Canadian firm buys Aviat's WiMax business


Robert Syputa, a Seattle-based wireless broadband industry analyst at Maravdis Inc., said the sale is another indication of consolidation among WiMax equipment makers, which include Ottawa's Redline Communications Group Inc. [TSX: RDL] Alvarion Ltd. of Tel Aviv and Airspan Networks Inc. of Boca Raton, Fla. Most have broadened their product lines to include other IP-based technologies such as LTE.

Competition from Chinese-based wireless equipment makers, such as Huawei Technologies Co., has also pushed down WiMax equipment prices, Syputa added.

He also complained WiMax manufacturers weren't ready with compatible equipment when carriers in the U.S. were buying spectrum in the 700 MHz band to meet the increased data demands of mobile users.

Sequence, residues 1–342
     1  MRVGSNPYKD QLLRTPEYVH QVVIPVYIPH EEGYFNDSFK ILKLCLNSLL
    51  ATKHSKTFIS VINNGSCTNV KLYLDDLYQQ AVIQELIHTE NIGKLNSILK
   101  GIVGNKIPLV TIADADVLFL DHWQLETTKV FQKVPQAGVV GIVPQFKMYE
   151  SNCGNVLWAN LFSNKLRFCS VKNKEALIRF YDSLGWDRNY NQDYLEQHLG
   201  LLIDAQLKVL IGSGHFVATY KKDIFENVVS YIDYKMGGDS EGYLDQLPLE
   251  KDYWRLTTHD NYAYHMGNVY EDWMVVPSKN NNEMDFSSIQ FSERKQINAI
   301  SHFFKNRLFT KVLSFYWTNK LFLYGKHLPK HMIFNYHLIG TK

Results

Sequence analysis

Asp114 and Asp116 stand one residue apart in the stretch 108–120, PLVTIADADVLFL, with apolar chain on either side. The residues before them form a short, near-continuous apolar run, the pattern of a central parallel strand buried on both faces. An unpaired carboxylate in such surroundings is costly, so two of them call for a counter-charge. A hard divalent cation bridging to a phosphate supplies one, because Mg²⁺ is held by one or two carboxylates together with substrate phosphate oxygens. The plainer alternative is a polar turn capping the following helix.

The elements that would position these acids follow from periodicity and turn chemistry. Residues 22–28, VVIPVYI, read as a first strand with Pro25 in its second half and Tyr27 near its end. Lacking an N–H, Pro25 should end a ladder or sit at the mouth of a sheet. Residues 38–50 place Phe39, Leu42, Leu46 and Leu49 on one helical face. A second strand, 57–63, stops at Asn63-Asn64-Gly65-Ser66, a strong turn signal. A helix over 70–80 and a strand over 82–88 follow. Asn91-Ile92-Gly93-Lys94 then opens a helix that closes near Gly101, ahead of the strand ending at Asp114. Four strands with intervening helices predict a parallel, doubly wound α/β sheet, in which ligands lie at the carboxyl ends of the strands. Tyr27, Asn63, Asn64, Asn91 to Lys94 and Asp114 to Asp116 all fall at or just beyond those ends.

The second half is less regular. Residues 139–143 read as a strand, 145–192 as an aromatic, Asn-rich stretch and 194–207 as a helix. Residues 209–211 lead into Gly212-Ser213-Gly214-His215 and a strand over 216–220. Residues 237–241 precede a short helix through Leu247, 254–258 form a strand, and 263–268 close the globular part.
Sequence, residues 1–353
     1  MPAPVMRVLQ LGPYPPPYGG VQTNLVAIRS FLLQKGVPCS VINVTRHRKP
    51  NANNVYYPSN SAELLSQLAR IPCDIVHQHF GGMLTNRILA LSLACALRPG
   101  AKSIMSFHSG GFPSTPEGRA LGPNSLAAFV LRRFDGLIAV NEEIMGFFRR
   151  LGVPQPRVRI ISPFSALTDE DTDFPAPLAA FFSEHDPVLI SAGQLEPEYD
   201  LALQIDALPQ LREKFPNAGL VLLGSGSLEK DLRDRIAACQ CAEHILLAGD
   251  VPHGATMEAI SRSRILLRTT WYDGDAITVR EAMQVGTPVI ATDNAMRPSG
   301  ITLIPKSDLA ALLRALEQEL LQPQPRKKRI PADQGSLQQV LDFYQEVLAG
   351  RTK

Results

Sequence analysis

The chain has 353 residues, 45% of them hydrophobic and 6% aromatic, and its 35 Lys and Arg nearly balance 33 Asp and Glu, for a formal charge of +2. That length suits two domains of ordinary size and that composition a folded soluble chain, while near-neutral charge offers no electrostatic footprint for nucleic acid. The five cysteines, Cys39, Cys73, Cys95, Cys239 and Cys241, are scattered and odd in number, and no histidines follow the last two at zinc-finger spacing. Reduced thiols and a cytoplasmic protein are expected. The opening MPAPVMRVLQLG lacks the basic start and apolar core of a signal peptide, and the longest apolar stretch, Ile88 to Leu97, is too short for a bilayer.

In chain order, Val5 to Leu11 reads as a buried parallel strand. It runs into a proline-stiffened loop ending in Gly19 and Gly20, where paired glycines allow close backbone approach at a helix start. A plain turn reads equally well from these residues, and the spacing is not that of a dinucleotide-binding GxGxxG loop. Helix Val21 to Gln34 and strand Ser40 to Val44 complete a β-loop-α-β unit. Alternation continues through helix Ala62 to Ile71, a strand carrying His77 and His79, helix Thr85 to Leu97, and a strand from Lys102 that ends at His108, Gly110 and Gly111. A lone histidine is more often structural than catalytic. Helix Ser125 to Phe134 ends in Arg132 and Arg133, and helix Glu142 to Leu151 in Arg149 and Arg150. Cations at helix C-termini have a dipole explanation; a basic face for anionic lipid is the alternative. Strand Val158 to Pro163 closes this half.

All this doesn't bother Kalaichelvan, although he agreed the future of mobile WiMax (802.16e) isn't bright. But fixed WiMax (802.16d), where signals go from homes and businesses to a service provider's towers, will be around "for many years to come," he predicts.

Kalaichelvan left Nortel Networks in 2001, where he was a vice-president in charge of IP business, to co-found Eion. At first it was a software business, and it still develops embedded network software and sells services.